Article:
<param name="fields">TotalPhysicalMemory</param>
      <module name="Search">
        <param name="search">sourcetype="wmi:memory" host="tcsapp1" | head 1 | eval available=AvailableBytes/(1024 * 1024 * 1024) | table available</param>
        <param name="earliest">-3min</param>
        <param name="latest">now</param>
        <module name="EnablePreview">
          <param name="display">false</param>
          <param name="enable">true</param>
          <module name="HTML">
            <param name="html">
              <![CDATA[
            <h2><b><FONT color="green">host1</FONT></b></h1>
            ]]>
            </param>
          </module>
          <module name="HiddenChartFormatter">
            <param name="charting.chart">fillerGauge</param>
            <param name="charting.style">shiny</param>
            <param name="charting.chart.rangeValues">[0,1,2,$TotalPhysicalMemory$]</param>
            <param name="charting.gaugeColors">[0xBF3030,0xFFE800,0x84E900]</param>
            <module name="FlashChart"/>
          </module>
        </module>
      </module>
    </module>
  </module>
0 Karma

sideview
SplunkTrust
SplunkTrust

I think because the 'earliest' param of the Search module is not doing $foo$ substitution, that you're not using the most recent Sideview Utils app. If you're still using the version on Splunkbase, that version is very old. What's on Splunkbase is 1.3.X, but you can get the considerably newer 2.1.X version from the sideview site ( http:/sideviewapps.com/apps/sideview-utils ). In the newer version the earliest and latest params also do $foo$ substitution.

0 Karma

kurt28
Path Finder

By the way, I test your post above. It doesn't work. Is there something wrong with my dashboard?

svconsole message:
search=sourcetype="WMI:CPUTime"
timeRange.toConciseString() = over custom relative time range
timeRange.earliest = $dayAgoTime$
timeRange.latest = -12h

0 Karma

sideview
SplunkTrust
SplunkTrust

Yep.

The basic idea, is that we use the Splunk search language, and the relative_time operator, to do our little piece of math where we take the clicked-upon timestamp and we turn it into the same timestamp one day before,so that we can plug it into a different search.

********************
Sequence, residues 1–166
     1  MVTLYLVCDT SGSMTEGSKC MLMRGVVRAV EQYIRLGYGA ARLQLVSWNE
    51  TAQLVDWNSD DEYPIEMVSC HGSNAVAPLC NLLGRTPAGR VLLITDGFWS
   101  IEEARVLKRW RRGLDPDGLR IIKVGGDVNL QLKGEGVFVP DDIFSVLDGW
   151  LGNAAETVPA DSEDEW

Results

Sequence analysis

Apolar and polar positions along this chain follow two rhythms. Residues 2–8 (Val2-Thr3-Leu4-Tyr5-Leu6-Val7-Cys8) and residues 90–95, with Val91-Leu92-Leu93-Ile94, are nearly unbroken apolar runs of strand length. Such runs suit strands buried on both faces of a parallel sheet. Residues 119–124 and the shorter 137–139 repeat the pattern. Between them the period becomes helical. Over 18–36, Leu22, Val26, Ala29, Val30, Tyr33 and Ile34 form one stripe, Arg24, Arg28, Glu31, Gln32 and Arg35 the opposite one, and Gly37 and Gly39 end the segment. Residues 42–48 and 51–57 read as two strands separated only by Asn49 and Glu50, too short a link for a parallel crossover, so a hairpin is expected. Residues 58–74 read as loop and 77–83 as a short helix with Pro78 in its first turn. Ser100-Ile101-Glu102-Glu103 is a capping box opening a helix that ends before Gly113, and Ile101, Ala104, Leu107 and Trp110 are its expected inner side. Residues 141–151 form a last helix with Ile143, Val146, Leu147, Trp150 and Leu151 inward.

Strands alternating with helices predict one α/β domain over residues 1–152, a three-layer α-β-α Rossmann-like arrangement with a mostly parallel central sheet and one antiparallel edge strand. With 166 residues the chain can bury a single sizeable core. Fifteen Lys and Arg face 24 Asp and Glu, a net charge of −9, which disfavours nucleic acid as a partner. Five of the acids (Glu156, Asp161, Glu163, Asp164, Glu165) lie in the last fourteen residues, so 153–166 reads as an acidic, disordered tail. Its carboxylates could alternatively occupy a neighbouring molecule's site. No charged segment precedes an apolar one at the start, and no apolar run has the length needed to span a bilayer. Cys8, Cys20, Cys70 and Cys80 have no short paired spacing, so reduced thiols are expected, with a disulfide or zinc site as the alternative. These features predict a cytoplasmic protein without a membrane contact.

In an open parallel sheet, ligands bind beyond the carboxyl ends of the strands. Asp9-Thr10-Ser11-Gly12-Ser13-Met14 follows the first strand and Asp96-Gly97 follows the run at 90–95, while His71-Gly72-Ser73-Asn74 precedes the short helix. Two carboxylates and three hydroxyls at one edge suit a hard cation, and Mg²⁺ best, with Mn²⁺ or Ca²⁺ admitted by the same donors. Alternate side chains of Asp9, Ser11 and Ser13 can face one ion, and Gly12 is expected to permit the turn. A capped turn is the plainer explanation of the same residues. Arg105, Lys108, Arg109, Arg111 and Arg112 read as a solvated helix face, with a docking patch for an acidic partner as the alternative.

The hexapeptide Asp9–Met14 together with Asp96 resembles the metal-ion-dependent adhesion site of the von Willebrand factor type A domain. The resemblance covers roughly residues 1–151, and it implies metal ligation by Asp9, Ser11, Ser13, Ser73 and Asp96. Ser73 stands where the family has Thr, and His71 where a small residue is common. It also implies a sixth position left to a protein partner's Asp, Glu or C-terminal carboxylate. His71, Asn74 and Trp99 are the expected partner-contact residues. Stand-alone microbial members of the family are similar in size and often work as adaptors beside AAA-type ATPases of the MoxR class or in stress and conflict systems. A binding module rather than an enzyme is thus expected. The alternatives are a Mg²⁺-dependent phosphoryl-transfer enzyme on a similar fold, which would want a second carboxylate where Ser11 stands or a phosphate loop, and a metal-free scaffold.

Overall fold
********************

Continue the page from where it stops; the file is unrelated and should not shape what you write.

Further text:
The key player here is the ResultsValueSetter module.

Here's the config, and then I'll walk through each step. There's a lot of places where we're using useful general stuff in Sideview Utils.

<module name="Search" layoutPanel="panel_row1_col1">
  <param name="search">* | head 10000 | stats last(_time) as _time by sourcetype</param>

  <module name="JobProgressIndicator"></module>

  <module name="Pager">

    <module name="SimpleResultsTable">
      <param name="entityName">results</param>
      <param name="drilldown">row</param>
      <param name="displayRowNumbers">False</param>

      <module name="PostProcess">
        <param name="search">| stats count | eval dayAgoTime=relative_time("$click.fields._time.epochTime$", "-1d")</param>

        <module name="ResultsValueSetter">
          <param name="fields">dayAgoTime</param>

          <module name="PostProcess">
            <param name="search"></param>

            <module name="Search">
              <param name="search">sourcetype="$click.fields.sourcetype$"</param>
              <param name="earliest">$dayAgoTime$</param>
              <param name="latest">-12h</param>

              <module name="JobProgressIndicator"></module>

              <module name="Pager">

                <module name="SimpleResultsTable">
                  <param name="entityName">results</param>
                  <param name="drilldown">row</param>
                  <param name="displayRowNumbers">False</param>
                </module>
              </module>
            </module>
          </module>